Quantcast
Connect with us

Federal firefighting budget reportedly $470 million short of requirement

Published

on

By Laura Zuckerman

SALMON, Idaho (Reuters) – The U.S. government expects to spend $470 million more than it has on hand to fight wildfires in a season that has already brought large blazes to California and Western states, where drought is worsening fire risks, federal officials said on Friday.

Predicted high temperatures and less moisture for much of the U.S. West are expected to boost firefighting costs to nearly $1.87 billion this year for agencies that only have $1.4 billion budgeted, according to the U.S. Forest Service and Bureau of Land Management.

A provision in President Barack Obama’s 2015 budget proposal and legislation pending in Congress would use federal disaster funds for expenses tied to catastrophic wildfires, which represent 1 percent of blazes but which cost roughly $400 million a year to contain, according to fire managers.

Budget gaps come as federal agencies adjust to a “new normal” of wildfire seasons that start earlier and last longer, said Randy Eardley, spokesman for the National Interagency Fire Center in Boise.

ADVERTISEMENT

For instance, a blaze in southern California broke out on Wednesday, driven by Santa Ana winds, which sweep hot air from California’s desert through mountain passes and river canyons.

“The big fires in California tend to be in the fall with Santa Ana winds,” Eardley said.

The 2,200-acre fire north of the affluent community of Rancho Cucamonga in the foothills of the San Bernardino Mountains was 53 percent contained on Friday, and evacuation orders were lifted for hundreds forced to flee their homes, fire information officer Carol Underhill said.

ADVERTISEMENT

Fire risks are to remain high in May for drought-stricken states like California, Arizona, New Mexico and Alaska, and hazards will intensify in June for Nevada and Oregon, according to forecasts by the National Interagency Fire Center.

Snowfall and rain have reduced the threat of wildfires in the Northern Rockies for the moment, but continued drought in southwest Idaho will worsen the fire outlook there July through August, federal forecasts show.

Wildfires in the western United States have been growing larger and more frequent for the past 30 years, increasing by seven fires a year and expanding at a rate of 90,000 acres annually, according to a study by the University of Utah and University of California-Berkeley.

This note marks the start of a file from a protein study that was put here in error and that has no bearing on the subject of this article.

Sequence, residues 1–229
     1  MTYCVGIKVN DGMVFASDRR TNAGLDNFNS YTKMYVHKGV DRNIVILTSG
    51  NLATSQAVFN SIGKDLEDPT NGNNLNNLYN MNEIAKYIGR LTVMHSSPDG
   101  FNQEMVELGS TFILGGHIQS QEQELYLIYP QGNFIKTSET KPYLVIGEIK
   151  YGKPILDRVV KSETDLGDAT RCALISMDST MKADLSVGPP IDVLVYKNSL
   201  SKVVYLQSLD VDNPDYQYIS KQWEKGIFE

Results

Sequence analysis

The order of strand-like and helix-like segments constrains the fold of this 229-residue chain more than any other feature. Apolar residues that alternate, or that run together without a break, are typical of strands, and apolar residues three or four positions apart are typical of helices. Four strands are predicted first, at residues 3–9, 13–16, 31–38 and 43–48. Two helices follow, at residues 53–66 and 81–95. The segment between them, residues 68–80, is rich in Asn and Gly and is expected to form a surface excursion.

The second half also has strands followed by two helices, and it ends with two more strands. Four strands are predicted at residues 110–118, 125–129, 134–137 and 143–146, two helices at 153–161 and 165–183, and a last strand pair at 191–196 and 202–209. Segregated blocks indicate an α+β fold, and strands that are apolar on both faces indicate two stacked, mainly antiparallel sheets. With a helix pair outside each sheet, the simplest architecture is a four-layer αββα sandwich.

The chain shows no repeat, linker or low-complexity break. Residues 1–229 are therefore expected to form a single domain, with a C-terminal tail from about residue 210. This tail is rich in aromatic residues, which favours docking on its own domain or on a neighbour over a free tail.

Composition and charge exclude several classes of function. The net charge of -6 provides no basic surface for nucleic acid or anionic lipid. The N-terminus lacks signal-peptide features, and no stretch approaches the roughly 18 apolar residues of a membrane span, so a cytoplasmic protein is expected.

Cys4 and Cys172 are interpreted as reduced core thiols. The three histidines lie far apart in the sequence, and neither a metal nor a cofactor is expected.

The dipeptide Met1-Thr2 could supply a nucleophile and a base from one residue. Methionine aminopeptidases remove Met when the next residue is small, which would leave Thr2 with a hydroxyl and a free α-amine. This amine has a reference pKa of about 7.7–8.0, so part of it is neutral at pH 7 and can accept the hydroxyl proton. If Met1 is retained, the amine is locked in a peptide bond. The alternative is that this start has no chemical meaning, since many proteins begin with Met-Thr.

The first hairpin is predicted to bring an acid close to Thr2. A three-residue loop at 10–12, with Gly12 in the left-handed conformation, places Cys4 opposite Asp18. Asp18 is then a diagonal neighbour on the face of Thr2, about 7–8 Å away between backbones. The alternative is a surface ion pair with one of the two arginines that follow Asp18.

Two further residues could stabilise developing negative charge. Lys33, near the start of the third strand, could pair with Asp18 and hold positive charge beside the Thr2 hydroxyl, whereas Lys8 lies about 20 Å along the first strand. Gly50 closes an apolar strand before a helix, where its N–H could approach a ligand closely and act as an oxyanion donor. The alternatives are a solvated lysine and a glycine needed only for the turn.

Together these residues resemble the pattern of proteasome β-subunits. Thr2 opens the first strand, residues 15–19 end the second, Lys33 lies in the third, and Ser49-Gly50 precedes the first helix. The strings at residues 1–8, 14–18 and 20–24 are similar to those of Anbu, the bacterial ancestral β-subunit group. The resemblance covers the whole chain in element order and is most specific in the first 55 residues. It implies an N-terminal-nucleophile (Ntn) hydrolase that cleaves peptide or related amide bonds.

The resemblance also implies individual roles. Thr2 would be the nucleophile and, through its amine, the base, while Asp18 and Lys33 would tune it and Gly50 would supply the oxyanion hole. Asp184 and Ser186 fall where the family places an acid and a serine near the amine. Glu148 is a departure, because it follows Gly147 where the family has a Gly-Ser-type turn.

ADVERTISEMENT

The uptick in fires mostly affected areas with more severe drought, researchers said.

(Editing by Cynthia Johnston; Editing by David Gregorio)

[Image: Firefighters protect homes as a wildfire driven by fierce Santa Ana winds blows in Rancho Cucamonga, California, April 30, 2014. By David McNew for Reuters]


Report typos and corrections to [email protected].
READ COMMENTS - JOIN THE DISCUSSION
Continue Reading

Breaking Banner

Democrat moves to impeach Trump immediately following House condemning president’s racism

Published

on

Immediately following the House of Representatives voting to condemn racist remarks by President Donald Trump, a Democrat introduced a privileged motion to impeach the president.

Rep. Al Green (D-TX) gave an impassioned speech to begin impeachment proceedings for Trump committing high crimes and misdemeanors.

"Therefore, Donald John Trump, by causing such harm to the society of the United States, is unfit to be president and warrants impeachment, trial and removal from office," he said.

Watch:

Continue Reading

Breaking Banner

Trump ‘reached into the Genesis chapter of the bigot’s bible’ to attack the Squad: journalist

Published

on

On Tuesday, journalist Jamil Smith wrote a column scorching President Donald Trump's attacks on "The Squad," as an act of utmost bigotry — and narcissism.

"Trump would surely love to run against these four women in 2020 rather than an actual opponent, positioning them all as racial bogeymen," wrote Smith. "It's a royal flush for his racist campaign: two black women, including one who wears a hijab and is a Somali refugee; a boricua from the Bronx; and a first-generation Palestinian-American from Detroit."

Continue Reading
 

Breaking Banner

House of Representatives votes for resolution condemning President Donald Trump’s racism

Published

on

President Donald Trump was condemned by the House of Representatives on Tuesday for his racist attacks on young women of color in Congress.

The resolution was passed with the support of every Democrat. The final vote was 240-187.

The text said "Trump’s racist comments have legitimized fear and hatred of new Americans and people of color."

The resolved that the body "strongly condemns President Donald Trump’s racist comments that have legitimized and increased fear and hatred of new Americans and people of color by saying that our fellow Americans who are immigrants, and those who may look to the President like immigrants, should “go back” to other countries, by referring to immigrants and asylum seekers as “invaders,” and by saying that Members of Congress who are immigrants (or those of our colleagues who are wrongly assumed to be immigrants) do not belong in Congress or in the United States of America."

Continue Reading
 
 
 

Copyright © 2019 Raw Story Media, Inc. PO Box 21050, Washington, D.C. 20009 | Masthead | Privacy Policy | For corrections or concerns, please email [email protected]

close-image